Well, since we're being forced to move into the Christmas season, whether we're ready or not, I've finished my ghost story over at Things that Go Bump in the Night. (Stef, this is the one I promised to send you.) I posted it from beginning to end to make it easier to read, and I'd love some feedback (have even conveniently included questions for readers to answer to help with this). And don't worry. I won't be hurt if the only feedback you want to give me is, "Forget ghost stories." Meanwhile, until I get that feedback, I think I'll write a few Christmas ghost stories, but don't worry, yet again: I won't subject you-all to those. Now that I'm done revising this story and have completed Cam's roundtable discussion (wasn't it great?), it's back to a regular blog-posting schedule right here for now.
What the Eye Doesn't See Meme
Becky created this meme, for which I am an ideal candidate. Unfortunately, she created it so long ago, many of you may have forgotten all about it. You can refresh your memory over here. In the meantime, here is my list of five advantages to being extremely near-sighted.
1. A great excuse -- being a contact-lens wearer and going places without solution, lens cases, and glasses is the perfect excuse never to have to spend the night anywhere I don’t want to (in my single days: that “iffy,” hinting-he’d-like-me-to-spend-the-night date’s apartment. A few years ago: my father in-law’s place when it was snowing up a storm Christmas day, and he was wondering whether or not it was safe for us to drive all the way home. Now: clingy friends of Bob’s and mine who we know will keep us up all night with all their woes. You get the picture, I’m sure).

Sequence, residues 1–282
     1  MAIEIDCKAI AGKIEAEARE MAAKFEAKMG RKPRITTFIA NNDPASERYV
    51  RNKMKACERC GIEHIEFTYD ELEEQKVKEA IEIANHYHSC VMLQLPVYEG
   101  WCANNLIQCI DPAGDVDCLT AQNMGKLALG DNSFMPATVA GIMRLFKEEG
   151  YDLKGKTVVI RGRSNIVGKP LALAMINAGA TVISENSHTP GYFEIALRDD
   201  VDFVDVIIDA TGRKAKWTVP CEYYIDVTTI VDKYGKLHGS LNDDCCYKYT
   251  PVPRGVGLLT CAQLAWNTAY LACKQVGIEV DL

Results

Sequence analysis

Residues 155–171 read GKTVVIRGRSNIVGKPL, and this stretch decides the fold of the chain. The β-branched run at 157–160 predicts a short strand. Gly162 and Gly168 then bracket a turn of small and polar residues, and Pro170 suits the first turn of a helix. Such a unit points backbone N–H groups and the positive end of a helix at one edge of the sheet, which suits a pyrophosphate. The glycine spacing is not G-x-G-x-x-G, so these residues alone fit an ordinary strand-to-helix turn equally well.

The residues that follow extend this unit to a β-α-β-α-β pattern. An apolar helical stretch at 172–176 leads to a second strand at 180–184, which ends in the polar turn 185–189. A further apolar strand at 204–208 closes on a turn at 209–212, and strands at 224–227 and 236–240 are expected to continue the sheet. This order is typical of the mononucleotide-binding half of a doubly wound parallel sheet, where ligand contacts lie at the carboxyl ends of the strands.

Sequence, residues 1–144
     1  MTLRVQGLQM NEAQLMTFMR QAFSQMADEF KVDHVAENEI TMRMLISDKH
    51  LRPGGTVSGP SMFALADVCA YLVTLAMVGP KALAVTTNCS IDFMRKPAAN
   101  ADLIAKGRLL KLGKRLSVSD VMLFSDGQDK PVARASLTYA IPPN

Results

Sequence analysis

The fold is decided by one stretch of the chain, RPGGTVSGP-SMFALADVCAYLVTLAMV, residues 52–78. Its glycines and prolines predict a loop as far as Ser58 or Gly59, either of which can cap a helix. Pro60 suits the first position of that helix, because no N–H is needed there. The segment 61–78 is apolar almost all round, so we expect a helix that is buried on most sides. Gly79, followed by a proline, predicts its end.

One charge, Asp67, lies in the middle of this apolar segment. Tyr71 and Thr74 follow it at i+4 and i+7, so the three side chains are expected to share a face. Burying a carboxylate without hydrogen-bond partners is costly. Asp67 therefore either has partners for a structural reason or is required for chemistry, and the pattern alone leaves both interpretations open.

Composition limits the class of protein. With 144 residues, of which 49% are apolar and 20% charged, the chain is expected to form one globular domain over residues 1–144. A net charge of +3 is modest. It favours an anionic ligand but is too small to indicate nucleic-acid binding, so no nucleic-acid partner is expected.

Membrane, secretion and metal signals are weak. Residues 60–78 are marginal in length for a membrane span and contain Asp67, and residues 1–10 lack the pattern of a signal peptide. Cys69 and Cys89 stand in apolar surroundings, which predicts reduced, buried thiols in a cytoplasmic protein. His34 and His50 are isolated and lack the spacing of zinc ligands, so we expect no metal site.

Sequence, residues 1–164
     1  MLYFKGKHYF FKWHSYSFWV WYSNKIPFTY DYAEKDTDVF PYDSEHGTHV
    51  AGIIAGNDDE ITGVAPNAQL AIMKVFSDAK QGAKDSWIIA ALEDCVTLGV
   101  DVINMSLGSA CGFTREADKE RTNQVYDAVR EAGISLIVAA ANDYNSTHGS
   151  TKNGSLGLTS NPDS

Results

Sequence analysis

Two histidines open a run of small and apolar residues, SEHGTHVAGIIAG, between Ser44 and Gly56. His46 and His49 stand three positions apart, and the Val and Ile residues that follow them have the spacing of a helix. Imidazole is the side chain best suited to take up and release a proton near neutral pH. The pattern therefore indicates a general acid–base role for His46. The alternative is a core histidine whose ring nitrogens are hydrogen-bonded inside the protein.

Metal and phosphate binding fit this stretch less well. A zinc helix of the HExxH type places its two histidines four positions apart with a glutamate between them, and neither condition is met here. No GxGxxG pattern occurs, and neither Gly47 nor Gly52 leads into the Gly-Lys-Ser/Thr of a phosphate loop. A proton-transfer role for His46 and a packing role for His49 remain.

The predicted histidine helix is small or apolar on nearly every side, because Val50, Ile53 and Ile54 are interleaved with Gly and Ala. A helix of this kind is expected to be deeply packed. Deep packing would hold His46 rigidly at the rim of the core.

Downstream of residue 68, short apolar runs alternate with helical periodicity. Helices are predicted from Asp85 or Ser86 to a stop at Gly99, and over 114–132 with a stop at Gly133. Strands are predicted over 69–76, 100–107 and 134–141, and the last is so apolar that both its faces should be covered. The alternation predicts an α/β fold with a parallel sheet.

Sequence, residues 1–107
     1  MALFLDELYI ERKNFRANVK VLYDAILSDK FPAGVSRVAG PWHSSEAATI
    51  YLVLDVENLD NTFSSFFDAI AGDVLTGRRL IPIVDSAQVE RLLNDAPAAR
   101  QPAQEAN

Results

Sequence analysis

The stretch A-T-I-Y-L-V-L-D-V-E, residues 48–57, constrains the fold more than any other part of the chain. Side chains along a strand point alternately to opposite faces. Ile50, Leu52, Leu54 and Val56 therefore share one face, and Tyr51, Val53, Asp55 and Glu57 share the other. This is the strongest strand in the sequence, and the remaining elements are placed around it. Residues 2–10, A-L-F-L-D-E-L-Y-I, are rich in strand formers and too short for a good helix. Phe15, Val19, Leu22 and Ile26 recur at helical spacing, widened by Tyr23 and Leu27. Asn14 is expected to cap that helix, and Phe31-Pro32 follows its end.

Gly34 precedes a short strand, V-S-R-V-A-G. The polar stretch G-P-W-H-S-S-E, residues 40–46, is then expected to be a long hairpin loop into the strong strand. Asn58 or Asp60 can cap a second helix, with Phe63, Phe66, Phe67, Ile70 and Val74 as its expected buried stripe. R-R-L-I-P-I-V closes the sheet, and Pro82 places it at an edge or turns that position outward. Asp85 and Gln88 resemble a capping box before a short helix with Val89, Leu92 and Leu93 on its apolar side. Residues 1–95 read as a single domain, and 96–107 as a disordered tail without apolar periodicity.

2. Christmas tree lights -- there’s nothing cooler than looking at a multi-color-lighted tree sans glasses or contact lenses. The lights turn into blurring, soft, wheels, and they monopolize the tree, so that tacky ornaments are invisible.
3. Handing over the car keys -- my night vision is particularly bad, and I’m not a big fan of driving at night (especially now that I live in an area where horses and buggies go roaming around after dark). I happily hand over car keys to anyone willing to chauffeur me with the excuse that I’m likely to get us into an accident with my poor vision. This also means I can drink alcoholic beverages without having to worry, since I’m rarely ever assigned “designated driver” status.
4. Instant intelligence – people really do seem to think that those of us who wear glasses are smarter. I don’t wear my glasses all that often, because they bother me (never seem to sit comfortably on my nose, fog up when it’s hot and muggy outside, attract dirt, slide off if I work up a sweat, etc.), but when I’m feeling the need to counter-balance my blond hair, I’ll put them on.
5. Payback – I have one of those husbands who doesn’t seem to be able to find anything on his own, always needing my help to find anything he’s lost and often expecting me to drop what I’m doing to help him. Every so often, I’ll take my glasses off to pull on a sweater, wash my face, look at a Christmas tree, or something, forgetting which table or counter I put them on, and I literally can’t find them (yes, I’m that blind without them). He has to drop whatever he’s doing and come find them for me. Hmmm…maybe I should do this more than every-so-often.
If you’re blind as a bat and have spent most of your life lamenting how horrible you look in glasses, I’m tagging you to give this meme a whirl.